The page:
- Middle-aged adults (40-55 years) who fall in the “borderline” ASCVD risk category and have additional risk factors that increase their ASCVD risk
Secondary prevention is prevention of further ASCVD after a clinical event (like myocardial infarction, stroke, peripheral arterial or coronary revascularization) has occurred, and is a little less complicated. The two main groups in secondary prevention are “high risk” ASCVD and “stable” ASCVD. These people always get a high intensity statin right off the bat (unless the patient is > 75 years-old in which case it is a IIa recommendation to start moderate or high intensity statin).
It is about LDL goals for these people: do they achieve LDL < 70 mg/dL on a high intensity statin? If yes, then that’s awesome! If not, then we have to start thinking about adherence conversations and other medications.
Ezetimibe and PCSK9 Inhibitors
When thinking of additional medications to add to a statin for further lipid lowering events, think no further than ezetimibe and PCSK9 inhibitors! The IMPROVE-IT, as well as ODYSSEY and FOURIER trials really showed us the added benefits of ezetimibe and PCSK9 inhibitors, respectively.
High Risk ASCVD
Patients deemed as being in the “high risk” ASCVD group are those with the following:
- Acute coronary syndrome (ACS) in the last 12 months
- Multiple heart attacks
- Ischemic stroke
- Symptomatic peripheral artery disease (claudication with ABI < 0.85, or previous revascularization or amputation)
- Age > 65 years
- Heterozygous familial hypercholesterolemia
- Prior coronary bypass surgery or PCI outside of the above events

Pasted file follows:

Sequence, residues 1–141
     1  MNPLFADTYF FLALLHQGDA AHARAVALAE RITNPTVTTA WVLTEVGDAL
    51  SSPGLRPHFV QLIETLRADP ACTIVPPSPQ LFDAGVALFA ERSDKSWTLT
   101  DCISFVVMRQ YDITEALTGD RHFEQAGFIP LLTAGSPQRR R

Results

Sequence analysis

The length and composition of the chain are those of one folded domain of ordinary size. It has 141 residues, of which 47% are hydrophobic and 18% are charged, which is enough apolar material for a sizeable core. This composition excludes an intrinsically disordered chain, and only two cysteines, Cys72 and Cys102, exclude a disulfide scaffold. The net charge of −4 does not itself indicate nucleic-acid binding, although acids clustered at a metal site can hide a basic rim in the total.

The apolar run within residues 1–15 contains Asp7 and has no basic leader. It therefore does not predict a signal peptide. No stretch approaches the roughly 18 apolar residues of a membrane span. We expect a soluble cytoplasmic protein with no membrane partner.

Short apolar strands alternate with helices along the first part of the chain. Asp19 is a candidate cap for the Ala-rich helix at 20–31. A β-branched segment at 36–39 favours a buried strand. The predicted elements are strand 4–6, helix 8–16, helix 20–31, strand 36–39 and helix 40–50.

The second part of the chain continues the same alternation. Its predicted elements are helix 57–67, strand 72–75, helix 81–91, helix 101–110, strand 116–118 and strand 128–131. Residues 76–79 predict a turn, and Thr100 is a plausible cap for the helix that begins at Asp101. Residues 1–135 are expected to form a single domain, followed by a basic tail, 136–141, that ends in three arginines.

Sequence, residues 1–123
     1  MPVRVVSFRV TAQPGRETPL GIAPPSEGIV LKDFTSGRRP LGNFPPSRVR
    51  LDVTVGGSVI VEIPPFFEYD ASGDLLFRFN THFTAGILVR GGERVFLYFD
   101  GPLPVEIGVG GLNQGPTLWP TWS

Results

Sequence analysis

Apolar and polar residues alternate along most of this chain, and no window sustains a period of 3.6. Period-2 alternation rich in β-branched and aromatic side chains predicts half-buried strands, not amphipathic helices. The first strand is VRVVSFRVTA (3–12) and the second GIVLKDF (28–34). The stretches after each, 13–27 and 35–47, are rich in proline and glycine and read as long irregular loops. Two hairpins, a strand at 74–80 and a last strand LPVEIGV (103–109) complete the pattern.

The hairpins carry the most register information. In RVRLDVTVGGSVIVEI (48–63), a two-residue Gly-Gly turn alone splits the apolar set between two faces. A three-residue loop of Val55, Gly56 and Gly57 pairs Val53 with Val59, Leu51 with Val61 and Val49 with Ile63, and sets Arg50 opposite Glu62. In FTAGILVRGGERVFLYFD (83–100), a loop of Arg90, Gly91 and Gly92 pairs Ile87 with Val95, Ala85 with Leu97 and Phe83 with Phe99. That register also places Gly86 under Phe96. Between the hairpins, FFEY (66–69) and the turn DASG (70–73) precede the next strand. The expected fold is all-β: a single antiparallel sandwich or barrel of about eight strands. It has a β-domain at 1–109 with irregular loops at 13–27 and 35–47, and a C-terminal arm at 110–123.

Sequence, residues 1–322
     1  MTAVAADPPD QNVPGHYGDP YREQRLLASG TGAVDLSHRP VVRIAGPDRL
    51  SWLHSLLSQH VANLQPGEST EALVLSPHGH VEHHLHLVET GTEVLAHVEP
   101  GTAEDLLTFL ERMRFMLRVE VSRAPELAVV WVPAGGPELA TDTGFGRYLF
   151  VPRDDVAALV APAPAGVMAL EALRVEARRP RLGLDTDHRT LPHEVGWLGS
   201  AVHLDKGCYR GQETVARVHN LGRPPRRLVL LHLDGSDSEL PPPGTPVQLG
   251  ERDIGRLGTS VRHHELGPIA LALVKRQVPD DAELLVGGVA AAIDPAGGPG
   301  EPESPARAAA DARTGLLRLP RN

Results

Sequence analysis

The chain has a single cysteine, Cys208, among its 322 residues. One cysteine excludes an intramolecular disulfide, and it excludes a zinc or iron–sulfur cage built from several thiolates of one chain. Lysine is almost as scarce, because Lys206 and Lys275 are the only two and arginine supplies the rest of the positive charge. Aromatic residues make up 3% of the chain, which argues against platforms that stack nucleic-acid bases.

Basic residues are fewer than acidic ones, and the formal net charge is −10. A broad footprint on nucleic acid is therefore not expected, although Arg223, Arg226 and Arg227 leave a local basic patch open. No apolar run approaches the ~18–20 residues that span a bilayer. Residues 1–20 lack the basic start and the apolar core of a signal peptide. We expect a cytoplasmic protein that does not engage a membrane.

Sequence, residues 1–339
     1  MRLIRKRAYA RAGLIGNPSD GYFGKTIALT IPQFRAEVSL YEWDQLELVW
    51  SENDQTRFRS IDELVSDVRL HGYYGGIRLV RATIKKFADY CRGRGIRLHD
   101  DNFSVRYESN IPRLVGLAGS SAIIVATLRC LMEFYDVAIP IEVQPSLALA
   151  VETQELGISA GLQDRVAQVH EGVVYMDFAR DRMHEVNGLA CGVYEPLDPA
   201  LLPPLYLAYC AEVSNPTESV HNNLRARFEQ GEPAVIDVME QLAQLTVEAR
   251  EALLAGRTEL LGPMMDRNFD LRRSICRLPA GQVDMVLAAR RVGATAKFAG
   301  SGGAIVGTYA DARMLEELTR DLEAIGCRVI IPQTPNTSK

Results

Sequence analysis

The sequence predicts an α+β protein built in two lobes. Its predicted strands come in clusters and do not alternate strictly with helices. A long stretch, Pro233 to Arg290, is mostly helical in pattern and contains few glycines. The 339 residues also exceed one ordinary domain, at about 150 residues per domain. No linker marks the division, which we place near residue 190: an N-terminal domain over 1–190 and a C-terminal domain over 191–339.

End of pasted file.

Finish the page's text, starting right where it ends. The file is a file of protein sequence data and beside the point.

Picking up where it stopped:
- Diabetes mellitus
- Chronic kidney disease
- Current smoker
- Persistently elevated LDL > 100 mg/dL despite max statin therapy and ezetimibe
- Congestive heart failure
These patients at “high risk” of future events require maximum-tolerated high intensity statin (Class I indication). It is a class IIa recommendation to add on ezetimibe* if LDL > 70 mg/dL while already on a high intensity statin. A PCSK9 inhibitor** can be considered either after trying a high intensity statin and ezetimibe and the LDL is still > 70 mg/dL (class I), or one can consider it after “clinically judged maximal LDL-lowering therapy” (class IIa).
- Ten Points To Remember Jul 12, 2018 | Richard L. Weinberg, MD, PhD, FACC
- The Evolving Future of PCSK9 Inhibitors [PubMed Abstract] [Full Text HTML] [Full Text PDF]. J Am Coll Cardiol. 2018 Jul 17;72(3):314-329. doi: 10.1016/j.jacc.2018.04.054. Epub 2018 Jul 9.
Patients who have established coronary disease but do not meet any of the “high risk” categories listed above fall into this group. If the patient is > 75 years old, as noted above, it is a class IIb recommendation to start either a moderate or high intensity statin. If the patient is < 75 years old, they get a high intensity statin with a goal of LDL < 70 mg/dL, or moderate intensity statin if they cannot tolerate it (Class I). If the LDL does not drop below 70 mg/dL…you guessed it! Add ezetimibe!
Follow Up and Goals
The earliest you should recheck a lipid panel after starting a statin is at 4-12 weeks (1-3 months). Afterwards, you can check anywhere from 3 to 13 months depending on the patient and their situation.
You goals are going to depend on the ASCVD risk category of your patient in primary prevention. For those in the “intermediate” category, an LDL reduction of 30-49% is appropriate. In those at high risk, however, require a reduction of LDL by > 50%. Anyone who does not meet these goals can be considered for step up in therapy.
For our secondary prevention group, you know the magic number: get that LDL < 70 mg/dL!
Is there a difference between, say for example, atorvastatin 80 mg and 40 mg? Well, yes there is! Expect to see a 50-60% reduction of LDL with atorvastatin 80 mg, and 40-52% reduction with the 40 mg.
There is no floor for LDL! The lower you can go, the better. There is no such thing as an LDL that is “too low”.